When it comes to pursuing a career in film, some students and professionals can limit themselves because they believe it’s difficult to find paid work. Many students think their only options are positions as a director or producer – unless they’re focused in a specialty. On top of that, the film industry is notoriously competitive.
Luckily, there’s some good news. Film majors can pursue a variety of career paths, including options they may have never considered. Here are a few paid positions you can pursue to put your film degree to use:
1. Set Designer
Your education gives you a ton of insight into how people come together to create movies, and set design is a massive part of that. Often, students overlook these positions in favor of more well-known jobs. However, if you can turn sketches into real-life builds, you could make a terrific set designer.
These professionals work everywhere – from blockbuster hits to Broadway musicals. To get started, make sure you know a lot about interior design, architecture and fine art. If you can, take classes that focus on these subjects. Work on your artistic skills in your spare time to build up a portfolio and, when the time comes, look for a job as a designer’s assistant or art department trainee.
2. Camera Operator
Someone has to capture the footage, right? If you’ve lent a hand on low-budget sets, you’ve likely used a camera before. While you won’t become a director of photography right out of school, you can find positions all around you. Technical abilities are especially important in this role, so make sure you learn how to use a variety of cameras and equipment.
Check with your local news stations for available jobs. You can also gain experience as a camera assistant for a production company since professional sports teams sometimes need a freelance cameraperson. These are some of the only ways for film majors to get paid, hands-on knowledge.
3. Video Editor
Once production on a movie has ended, it’s up to the editors to turn it into a masterpiece. If you’re detail-oriented, a role as a video editor may be an excellent option. Most positions require a film degree and a diverse portfolio – so you’re already halfway there. Make it your mission to learn more than one software – Final Cut Pro, Avid Media Composer and Adobe Premiere Pro are the most popular.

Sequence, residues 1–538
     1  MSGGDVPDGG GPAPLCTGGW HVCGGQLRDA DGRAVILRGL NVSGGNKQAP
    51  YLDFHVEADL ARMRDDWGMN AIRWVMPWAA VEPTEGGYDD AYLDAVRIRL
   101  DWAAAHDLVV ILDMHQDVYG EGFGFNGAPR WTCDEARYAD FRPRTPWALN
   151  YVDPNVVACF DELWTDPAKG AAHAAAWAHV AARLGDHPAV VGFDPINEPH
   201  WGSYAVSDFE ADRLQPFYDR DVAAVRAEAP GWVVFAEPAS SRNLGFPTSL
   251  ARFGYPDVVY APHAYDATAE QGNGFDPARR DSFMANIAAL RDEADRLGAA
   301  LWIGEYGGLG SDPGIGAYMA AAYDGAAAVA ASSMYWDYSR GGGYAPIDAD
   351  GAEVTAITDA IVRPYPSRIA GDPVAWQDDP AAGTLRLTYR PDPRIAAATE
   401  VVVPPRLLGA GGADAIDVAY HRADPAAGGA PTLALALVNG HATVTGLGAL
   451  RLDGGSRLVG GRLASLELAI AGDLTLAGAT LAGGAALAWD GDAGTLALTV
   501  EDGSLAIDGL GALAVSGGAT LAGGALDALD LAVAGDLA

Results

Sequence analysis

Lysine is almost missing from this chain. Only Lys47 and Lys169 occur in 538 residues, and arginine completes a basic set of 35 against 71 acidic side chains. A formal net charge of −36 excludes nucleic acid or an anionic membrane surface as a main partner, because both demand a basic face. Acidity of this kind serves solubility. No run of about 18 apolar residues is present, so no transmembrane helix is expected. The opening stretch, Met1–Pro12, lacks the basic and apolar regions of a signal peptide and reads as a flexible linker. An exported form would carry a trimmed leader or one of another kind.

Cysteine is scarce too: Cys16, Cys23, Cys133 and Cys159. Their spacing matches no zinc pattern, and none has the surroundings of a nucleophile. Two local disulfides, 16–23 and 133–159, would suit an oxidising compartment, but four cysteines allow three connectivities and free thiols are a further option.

Once you’ve edited different projects, you can look for jobs in film editing. Internships are plentiful, so research different companies, both large and small. Many newcomers find success as production assistants, and though you won’t edit movies right away, you’ll get your foot in the door and build relationships. In the meantime, offer to edit videos for friends and family. If you want to become an independent film editor, you’ll need 4-10 years of experience first.
Median salaries in this field amount to almost £40,000 / $60,000 a year as of 2018. Though you won’t make this much right away, you can expect to earn extra income through side projects.
4. Casting Assistant
Can you notice talent from a mile away? As you know, actors are a vital part of the movie industry. However, it’s up to a certain group of people to determine who plays what role. Professionals in this field know the ins and outs of the human mind – and what it means to be successful in film. Connections also matter as it’s essential to understand what actors are currently out there.
Those interested in this work often find their start as assistants. However, if a director wants to hire you as a casting director, you can become one. Build relationships with others in casting so that you can throw your hat into the ring any chance you get.
Network Often to Find Work With a Film Degree
Connections matter in the film industry. Whether you want to be the next Christopher Nolan or Edith Head, it’s important to build experience and make professional contacts. These roles will introduce you to several paths so you can get paid and network at the same time. Use your film degree to land one of these positions and jump-start your career.